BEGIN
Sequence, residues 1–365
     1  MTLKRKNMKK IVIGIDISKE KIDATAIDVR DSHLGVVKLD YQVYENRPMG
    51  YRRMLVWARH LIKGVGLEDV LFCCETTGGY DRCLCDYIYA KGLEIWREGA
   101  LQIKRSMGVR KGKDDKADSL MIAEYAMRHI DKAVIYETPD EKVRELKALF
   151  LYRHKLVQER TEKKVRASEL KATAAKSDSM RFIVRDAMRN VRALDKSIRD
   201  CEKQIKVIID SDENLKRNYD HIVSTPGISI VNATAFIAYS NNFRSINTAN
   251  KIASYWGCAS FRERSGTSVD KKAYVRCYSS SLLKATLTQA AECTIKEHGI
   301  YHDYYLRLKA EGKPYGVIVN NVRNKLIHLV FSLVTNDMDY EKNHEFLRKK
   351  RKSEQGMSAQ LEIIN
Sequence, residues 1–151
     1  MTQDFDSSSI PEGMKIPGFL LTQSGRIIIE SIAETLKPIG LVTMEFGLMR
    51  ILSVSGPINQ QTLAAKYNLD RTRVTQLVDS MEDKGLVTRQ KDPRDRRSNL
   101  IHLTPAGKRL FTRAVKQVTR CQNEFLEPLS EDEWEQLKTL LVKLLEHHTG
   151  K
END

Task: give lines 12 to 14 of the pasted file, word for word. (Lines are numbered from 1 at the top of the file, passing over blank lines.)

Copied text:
    51  ILSVSGPINQ QTLAAKYNLD RTRVTQLVDS MEDKGLVTRQ KDPRDRRSNL
   101  IHLTPAGKRL FTRAVKQVTR CQNEFLEPLS EDEWEQLKTL LVKLLEHHTG
   151  K